The Importance Of Informed Consent

920 Words4 Pages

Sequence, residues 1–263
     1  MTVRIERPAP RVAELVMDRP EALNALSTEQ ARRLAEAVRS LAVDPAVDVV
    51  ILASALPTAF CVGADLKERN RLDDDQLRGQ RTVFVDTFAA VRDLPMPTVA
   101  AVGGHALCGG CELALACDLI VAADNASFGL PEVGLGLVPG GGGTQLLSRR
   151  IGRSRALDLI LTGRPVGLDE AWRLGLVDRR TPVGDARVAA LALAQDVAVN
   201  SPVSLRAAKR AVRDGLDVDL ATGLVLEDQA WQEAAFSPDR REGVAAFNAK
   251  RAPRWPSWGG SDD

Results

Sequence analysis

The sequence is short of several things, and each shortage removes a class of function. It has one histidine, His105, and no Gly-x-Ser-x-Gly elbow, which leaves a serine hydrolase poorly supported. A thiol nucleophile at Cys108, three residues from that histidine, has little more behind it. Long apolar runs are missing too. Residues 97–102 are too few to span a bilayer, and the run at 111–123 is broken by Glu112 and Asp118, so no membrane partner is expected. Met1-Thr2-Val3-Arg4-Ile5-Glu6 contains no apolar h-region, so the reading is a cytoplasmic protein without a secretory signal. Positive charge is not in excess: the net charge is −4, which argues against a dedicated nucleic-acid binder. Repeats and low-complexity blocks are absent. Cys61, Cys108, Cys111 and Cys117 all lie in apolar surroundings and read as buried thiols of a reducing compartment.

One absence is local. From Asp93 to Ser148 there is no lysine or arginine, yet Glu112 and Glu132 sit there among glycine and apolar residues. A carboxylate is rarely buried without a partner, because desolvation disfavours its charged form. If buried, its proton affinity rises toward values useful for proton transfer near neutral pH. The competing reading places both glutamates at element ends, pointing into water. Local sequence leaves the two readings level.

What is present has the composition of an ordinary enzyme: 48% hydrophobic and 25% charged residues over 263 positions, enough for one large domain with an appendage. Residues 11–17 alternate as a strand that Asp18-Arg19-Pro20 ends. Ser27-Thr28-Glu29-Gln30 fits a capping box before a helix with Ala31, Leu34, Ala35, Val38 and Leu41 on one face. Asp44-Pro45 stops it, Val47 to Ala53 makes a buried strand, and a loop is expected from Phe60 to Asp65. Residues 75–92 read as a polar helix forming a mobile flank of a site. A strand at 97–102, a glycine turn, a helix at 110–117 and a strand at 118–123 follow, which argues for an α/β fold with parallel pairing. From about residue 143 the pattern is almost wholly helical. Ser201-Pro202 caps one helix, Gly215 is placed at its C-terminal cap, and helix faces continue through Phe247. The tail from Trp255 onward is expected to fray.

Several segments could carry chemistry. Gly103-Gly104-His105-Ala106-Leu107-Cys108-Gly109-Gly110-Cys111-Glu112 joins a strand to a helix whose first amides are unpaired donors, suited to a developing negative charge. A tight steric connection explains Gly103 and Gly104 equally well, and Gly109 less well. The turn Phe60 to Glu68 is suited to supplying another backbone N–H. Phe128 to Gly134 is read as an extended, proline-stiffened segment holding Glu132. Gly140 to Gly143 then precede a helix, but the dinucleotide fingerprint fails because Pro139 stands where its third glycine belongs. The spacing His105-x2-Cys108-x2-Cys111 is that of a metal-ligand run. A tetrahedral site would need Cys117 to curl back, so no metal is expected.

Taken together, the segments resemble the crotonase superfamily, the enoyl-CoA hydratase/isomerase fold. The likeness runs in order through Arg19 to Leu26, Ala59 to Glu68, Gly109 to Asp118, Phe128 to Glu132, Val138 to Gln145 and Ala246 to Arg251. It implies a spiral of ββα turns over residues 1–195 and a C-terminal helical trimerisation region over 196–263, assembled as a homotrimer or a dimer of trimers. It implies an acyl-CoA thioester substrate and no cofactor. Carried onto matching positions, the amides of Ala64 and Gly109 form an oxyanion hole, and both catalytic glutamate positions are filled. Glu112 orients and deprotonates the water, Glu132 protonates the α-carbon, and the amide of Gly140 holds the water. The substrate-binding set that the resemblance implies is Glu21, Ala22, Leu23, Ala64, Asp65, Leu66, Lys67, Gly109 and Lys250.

Informed consent, what is it and why do patients give it? Well, in the medical field a person must give informed consent before receiving treatment. But what does informed consent even mean? It can be hard to even understand what informed consent is and so this leads a person to wonder ethically if there might also be barriers that would prevent a person from giving informed consent. Could language be a barrier, for example can a medical professional “dumb” down a medical procedure enough for a high school dropout or for a child to understand the treatment being offered to them? While that might sound quite harsh the reality is that some medical patients are exactly that, high school dropouts or young children. Informed consent is supposed to show that the patient has been informed of the possible risks or consequences, typically for treatment they are agreeing to receive from a doctor. A person might be faced with giving informed consent in research settings, specialized treatments, and/or routine appointments with any healthcare provider. In the medical field physicians must obtain informed consent from every patient/patient representative in order to treat the patient without leaving themselves open to a lawsuit for negligence. However, is there a way to know whether the patient or their representative even understand the treatment being offered so that they can truly give informed consent. Doctors go to school for many years to understand and to be able to treat the
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